The global economy is currently reliant upon fossil fuels but their use produces colossal amounts of chemical pollutants, especially greenhouse gases. The use of fossil fuels is unsustainable and must be reduced; a number of solutions have been considered.
Attention has centred upon the renewable electrification of previously greenhouse gas-emitting activities, particularly for transportation. However for most industrial applications chemical-based fuels are favoured, due to their higher energy densities. Synthetic fuels and biofuels have potential however they currently suffer from similar problems as fossil fuels, since they result in the emission of pollutants or put pressure on available land also used for food production.
An alternative approach is to move from fossil fuel reliance to a hydrogen-based economy. Hydrogen is not a greenhouse gas and when it is used in fuel cells only water is produced. Also, the low oxidation temperature prevents the formation of nitrous oxides; a significant pollutant associated with conventional fossil fuels.
The global chemical industry is reportedly responsible for 2 x109 tonnes of greenhouse gases per year. In order to decarbonise this industry, it must shift its focus to sustainable hydrogen production. Hydrogen can be created using multiple methods, which have been categorised using a colour-based system.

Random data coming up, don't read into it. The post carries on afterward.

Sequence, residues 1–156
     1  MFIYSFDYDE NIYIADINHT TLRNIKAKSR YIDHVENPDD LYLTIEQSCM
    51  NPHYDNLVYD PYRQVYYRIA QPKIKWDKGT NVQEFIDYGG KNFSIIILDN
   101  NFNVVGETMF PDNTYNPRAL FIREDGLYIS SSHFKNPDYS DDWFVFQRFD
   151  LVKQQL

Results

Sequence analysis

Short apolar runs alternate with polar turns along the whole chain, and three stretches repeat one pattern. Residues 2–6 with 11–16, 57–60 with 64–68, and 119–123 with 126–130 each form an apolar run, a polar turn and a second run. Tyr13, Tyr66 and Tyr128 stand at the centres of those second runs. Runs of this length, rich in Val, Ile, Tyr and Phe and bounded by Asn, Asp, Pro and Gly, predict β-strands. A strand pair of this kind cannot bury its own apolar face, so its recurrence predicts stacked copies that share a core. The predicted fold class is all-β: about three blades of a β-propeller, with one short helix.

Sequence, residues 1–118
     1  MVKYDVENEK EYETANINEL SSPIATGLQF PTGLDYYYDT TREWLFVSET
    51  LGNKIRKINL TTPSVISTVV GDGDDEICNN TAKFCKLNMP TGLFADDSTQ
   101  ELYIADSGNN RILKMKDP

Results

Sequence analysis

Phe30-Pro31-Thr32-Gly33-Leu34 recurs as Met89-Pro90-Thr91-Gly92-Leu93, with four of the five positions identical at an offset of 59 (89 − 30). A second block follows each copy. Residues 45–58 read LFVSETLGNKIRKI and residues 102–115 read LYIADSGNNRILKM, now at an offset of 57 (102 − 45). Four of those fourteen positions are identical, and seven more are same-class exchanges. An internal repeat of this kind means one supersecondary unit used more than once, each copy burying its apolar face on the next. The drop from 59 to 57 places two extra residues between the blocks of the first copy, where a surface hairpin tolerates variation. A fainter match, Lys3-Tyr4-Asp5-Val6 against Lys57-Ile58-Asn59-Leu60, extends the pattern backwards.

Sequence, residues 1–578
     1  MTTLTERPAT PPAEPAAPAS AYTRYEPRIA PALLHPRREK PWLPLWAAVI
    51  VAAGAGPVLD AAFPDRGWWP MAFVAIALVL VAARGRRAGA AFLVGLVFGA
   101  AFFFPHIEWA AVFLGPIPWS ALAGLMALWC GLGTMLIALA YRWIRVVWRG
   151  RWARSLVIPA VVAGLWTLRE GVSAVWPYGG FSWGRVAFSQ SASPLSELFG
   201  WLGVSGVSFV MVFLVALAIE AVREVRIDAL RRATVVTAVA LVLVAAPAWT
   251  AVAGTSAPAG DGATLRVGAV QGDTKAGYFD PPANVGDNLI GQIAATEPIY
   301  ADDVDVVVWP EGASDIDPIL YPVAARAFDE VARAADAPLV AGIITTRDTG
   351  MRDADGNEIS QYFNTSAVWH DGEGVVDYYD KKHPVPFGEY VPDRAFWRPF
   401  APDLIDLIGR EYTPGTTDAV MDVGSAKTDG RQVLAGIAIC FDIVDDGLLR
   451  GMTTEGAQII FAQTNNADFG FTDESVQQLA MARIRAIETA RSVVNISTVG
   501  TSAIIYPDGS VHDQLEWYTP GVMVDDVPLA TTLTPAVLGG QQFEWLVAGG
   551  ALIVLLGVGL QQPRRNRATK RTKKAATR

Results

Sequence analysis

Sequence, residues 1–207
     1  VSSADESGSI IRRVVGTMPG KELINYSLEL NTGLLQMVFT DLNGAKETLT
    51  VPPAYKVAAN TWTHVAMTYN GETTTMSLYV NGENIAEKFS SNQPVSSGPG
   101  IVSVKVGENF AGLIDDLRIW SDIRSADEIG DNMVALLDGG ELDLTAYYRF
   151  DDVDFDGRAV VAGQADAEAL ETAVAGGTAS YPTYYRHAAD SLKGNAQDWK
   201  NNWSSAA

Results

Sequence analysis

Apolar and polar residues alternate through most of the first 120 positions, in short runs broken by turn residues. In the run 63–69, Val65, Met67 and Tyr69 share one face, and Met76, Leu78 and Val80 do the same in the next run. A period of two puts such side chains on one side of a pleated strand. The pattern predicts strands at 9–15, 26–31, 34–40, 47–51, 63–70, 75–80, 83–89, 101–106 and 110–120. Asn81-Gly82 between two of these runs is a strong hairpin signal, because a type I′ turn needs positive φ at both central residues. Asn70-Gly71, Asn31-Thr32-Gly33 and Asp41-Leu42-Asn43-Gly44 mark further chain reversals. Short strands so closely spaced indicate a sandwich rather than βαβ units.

Green hydrogen, produced via electrolysis with renewable electricity, has the lowest environmental impact. However the most common type of hydrogen produced currently within the UK is grey hydrogen and it is created by an industrial process called Steam Methane Reforming. This process produces a large amount of carbon dioxide which is released into the atmosphere. However if this is captured and stored or reutilised it is classified as blue. The UK is targeting 5GW of hydrogen production capacity by 2030; Blue hydrogen is the most viable option since currently the technology required for green hydrogen is not economically viable on a large enough scale.
Globally hydrogen production and utilisation programmes are gaining significant traction. Therefore, having an understanding of the hydrogen economy and associated reaction processes is becoming essential for future engineers.
Written by James Eyers – MEng, Prototype Design Engineer